What Dogs Find Irresistible in Rabbit Droppings

Pellets are roughly the size and shape of kibble, but dogs, with their keen senses of smell, are scarcely likely to confuse the two. They certainly do not taste the same. Rabbit turds is conveniently located for your dog to find. Rabbits are everywhere, and as animals that graze, they steadily eat and poop as they move about. The poop is generally largely made up of undigested grass, low in odor, and extremely high in fiber, digestive enzymes, and B vitamins. Dogs may be drawn to rabbit poop because of a dietary lack, an enjoyable taste, and simple excitement at encountering a tasty treat, as well as medical and behavioral reasons.

Medical Reasons Why Dogs Eat Rabbit Poop

A dog eager for rabbit poop as a dietary supplement may be underfed or regularly consuming a diet that is hard for it to digest. Dogs eating rabbit feces may also suffer from digestive enzyme deficiencies. Parasites can lead dogs to look for these handy snacks, as can malnutrition and deficiencies in vitamins and minerals. Certain health conditions can cause the drive; these include Cushing’s disease, thyroid disease, and diabetes. Finally, medications can lie at the root of the urge if they contain steroids.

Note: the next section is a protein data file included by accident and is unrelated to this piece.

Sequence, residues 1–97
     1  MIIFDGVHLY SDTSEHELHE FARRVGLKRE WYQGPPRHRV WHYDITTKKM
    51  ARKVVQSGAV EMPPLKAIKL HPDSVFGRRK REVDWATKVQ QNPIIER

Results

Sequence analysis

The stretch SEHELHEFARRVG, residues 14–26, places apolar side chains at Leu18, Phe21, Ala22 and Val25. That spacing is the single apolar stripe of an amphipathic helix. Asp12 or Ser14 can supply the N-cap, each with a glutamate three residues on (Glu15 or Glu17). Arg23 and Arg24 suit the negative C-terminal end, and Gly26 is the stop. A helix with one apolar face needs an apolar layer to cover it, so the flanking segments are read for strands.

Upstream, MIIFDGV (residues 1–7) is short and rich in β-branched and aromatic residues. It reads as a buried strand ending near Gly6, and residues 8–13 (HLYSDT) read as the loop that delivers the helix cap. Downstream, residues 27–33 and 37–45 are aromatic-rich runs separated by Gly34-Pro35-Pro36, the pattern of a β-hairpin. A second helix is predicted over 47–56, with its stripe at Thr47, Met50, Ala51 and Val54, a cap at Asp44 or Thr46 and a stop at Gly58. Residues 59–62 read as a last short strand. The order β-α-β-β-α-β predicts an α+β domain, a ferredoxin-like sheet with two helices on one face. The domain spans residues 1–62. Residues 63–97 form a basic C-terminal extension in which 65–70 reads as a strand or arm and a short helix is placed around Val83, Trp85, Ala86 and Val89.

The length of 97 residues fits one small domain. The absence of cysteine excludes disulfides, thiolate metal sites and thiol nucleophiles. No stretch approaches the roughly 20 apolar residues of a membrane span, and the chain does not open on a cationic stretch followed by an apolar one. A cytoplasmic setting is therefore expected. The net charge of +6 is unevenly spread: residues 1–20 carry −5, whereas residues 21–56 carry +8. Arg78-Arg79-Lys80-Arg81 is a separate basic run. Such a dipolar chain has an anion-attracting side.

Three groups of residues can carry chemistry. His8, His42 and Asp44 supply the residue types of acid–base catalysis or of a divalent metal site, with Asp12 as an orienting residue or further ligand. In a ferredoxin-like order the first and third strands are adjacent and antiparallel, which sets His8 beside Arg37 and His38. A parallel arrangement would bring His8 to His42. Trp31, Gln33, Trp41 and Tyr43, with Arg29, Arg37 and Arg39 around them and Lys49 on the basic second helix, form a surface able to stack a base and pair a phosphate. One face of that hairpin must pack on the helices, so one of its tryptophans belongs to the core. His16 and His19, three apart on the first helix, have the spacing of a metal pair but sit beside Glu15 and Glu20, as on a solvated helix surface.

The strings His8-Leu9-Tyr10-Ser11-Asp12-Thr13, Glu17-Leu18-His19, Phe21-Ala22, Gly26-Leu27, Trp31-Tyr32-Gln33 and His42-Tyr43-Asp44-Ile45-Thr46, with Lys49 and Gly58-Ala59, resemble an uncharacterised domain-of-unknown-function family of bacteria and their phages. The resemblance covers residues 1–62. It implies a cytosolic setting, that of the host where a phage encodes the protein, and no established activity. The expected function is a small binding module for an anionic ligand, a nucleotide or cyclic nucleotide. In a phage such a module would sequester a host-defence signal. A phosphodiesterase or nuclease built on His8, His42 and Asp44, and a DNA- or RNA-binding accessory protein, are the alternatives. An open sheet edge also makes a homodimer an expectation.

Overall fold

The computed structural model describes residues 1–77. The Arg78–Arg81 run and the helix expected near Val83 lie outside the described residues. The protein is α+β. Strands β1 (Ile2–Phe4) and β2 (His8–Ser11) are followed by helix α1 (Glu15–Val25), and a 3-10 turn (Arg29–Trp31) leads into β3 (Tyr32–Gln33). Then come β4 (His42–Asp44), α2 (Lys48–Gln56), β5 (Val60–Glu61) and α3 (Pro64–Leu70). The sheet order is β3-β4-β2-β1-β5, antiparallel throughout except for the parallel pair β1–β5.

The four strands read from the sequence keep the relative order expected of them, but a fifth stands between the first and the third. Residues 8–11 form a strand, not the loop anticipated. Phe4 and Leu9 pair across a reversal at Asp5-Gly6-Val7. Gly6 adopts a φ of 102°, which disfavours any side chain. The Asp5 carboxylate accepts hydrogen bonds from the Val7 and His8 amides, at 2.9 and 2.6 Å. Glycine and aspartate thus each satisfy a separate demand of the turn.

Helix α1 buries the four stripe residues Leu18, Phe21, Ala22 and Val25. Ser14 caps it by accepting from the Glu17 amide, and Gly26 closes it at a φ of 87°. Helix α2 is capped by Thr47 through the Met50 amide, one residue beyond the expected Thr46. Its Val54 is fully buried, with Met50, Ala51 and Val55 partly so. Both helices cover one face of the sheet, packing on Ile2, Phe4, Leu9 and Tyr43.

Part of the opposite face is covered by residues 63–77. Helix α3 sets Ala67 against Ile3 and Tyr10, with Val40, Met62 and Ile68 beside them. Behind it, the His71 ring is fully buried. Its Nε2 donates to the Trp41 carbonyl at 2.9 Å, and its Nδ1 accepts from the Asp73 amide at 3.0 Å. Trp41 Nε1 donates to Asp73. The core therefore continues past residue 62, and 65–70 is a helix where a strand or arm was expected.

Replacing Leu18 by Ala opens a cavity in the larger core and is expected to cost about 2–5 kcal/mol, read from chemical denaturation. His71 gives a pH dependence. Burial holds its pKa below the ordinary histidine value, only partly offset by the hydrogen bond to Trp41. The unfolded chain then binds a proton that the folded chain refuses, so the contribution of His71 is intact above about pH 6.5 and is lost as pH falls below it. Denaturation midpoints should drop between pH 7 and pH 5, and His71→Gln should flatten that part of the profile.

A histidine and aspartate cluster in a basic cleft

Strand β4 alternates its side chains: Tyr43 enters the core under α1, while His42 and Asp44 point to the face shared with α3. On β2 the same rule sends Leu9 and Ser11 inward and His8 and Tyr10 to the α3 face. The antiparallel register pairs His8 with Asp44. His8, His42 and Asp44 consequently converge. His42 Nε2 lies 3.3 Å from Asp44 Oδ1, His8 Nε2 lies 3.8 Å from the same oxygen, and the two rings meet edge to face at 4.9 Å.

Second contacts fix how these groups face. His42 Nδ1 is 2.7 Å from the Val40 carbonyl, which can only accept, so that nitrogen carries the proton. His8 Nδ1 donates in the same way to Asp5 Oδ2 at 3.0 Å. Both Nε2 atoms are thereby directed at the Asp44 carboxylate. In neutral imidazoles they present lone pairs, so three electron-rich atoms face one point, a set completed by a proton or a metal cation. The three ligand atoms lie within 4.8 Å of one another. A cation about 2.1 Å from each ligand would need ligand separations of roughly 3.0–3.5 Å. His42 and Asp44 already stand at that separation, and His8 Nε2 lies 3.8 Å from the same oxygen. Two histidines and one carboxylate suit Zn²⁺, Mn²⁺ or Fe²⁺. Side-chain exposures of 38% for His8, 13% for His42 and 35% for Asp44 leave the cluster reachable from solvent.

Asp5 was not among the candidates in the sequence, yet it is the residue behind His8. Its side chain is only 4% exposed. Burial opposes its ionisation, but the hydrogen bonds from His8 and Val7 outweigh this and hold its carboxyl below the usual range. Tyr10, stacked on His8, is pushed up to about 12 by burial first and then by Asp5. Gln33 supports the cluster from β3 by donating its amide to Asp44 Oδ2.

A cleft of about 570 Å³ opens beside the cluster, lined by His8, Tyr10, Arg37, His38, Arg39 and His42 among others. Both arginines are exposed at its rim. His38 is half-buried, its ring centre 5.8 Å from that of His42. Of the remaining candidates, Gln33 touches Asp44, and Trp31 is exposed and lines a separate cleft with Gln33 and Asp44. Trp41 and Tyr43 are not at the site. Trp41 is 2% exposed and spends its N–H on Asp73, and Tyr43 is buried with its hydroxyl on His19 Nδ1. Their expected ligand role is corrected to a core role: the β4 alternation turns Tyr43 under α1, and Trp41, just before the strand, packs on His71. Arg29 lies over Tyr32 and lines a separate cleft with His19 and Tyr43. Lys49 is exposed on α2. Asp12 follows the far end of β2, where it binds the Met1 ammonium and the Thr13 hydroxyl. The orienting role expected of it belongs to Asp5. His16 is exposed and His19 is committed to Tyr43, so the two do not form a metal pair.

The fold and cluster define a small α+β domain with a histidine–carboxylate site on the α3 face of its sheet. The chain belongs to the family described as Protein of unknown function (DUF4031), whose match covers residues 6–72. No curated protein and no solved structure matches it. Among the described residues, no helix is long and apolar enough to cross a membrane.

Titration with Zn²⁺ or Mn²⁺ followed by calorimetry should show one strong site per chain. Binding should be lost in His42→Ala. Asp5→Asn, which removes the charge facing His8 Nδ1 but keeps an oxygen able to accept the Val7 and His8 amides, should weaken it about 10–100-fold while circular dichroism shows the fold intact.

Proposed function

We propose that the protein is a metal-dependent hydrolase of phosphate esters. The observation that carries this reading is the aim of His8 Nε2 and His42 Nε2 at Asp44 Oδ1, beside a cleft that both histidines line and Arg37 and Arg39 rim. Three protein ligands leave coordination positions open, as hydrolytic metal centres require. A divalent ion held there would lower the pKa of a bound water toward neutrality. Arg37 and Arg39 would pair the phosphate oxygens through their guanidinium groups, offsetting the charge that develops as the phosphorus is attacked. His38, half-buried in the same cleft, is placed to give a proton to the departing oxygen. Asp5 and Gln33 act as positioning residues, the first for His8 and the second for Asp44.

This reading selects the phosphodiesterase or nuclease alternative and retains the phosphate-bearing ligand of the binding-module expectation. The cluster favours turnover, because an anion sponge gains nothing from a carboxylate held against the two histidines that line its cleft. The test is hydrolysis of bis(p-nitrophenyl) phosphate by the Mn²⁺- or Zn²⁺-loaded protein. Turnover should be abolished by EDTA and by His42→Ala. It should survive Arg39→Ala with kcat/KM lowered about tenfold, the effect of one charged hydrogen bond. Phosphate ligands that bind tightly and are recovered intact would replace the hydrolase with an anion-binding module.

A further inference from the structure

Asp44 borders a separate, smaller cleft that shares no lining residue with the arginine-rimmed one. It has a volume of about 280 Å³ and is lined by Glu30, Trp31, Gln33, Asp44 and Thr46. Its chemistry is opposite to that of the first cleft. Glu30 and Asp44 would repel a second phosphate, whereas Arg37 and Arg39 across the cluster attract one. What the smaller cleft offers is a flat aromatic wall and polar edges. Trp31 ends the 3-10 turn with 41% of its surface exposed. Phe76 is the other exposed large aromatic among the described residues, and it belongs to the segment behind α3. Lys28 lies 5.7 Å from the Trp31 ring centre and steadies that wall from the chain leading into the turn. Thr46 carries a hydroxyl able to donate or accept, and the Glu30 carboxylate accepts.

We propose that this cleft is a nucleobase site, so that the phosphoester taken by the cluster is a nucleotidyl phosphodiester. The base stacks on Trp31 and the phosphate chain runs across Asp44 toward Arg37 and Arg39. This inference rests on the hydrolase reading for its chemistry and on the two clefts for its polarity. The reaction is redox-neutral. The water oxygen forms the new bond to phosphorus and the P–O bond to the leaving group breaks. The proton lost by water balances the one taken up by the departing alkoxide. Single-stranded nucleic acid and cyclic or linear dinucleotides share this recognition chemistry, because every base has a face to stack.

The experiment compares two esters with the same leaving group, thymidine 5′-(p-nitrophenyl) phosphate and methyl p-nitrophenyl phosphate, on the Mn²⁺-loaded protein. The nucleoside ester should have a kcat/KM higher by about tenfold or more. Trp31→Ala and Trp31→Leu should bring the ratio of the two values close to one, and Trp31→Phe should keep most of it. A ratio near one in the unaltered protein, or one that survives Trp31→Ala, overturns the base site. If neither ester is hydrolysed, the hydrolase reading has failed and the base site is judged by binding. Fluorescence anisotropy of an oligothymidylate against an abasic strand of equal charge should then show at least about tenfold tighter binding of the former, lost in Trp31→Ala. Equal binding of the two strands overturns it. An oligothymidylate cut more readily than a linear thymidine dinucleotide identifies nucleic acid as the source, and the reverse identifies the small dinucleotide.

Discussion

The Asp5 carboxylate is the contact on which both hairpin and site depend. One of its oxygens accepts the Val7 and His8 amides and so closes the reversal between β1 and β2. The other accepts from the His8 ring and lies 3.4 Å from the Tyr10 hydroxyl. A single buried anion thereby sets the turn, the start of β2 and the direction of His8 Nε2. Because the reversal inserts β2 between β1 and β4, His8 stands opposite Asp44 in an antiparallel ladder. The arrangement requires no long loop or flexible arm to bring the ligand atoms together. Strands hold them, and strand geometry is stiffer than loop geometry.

Behavioral Reasons Why Dogs Eat Rabbit Poop

There are a few behavioral causes for dogs to eat rabbit droppings. It could simply be an innate behavior. Dogs may merely copy the actions of other dogs who enjoy munching on rabbit leavings. Another potential cause is a core curiosity and a sense of playfulness. Finally, a dearth of training can result in a dog’s behavior.

A Matter of Taste: Why a Dog Eats Rabbit Poop

Rabbit eating a carrot. | The Pampered Pup

Rabbits like to dine on grass, clover, vegetables, wildflowers, and weeds. Dogs tend to try out each of these things. When combined and compressed into a neat package that smells interesting, it is a recipe made to intrigue dogs. The smell and texture are interesting to dogs, as well. Dogs have roughly 300 million scent receptors in their noses, compared to your six million or so. What to you is a mildly unpleasant smell of droppings is highly appealing to the sensitive nose of your canine.

Pack Protection

Dogs tend to possess instincts leftover from their wolfish heritage. One theory behind the devouring of rabbit poop is that dogs do it to protect the pack as a whole and the younger members in particular. Wolves keep the areas surrounding their dens clean of poop. This is because of intestinal parasites potentially found in the feces. Eating fresh feces means that parasite ova do not have a chance to become larvae that would infect the youngsters consuming it.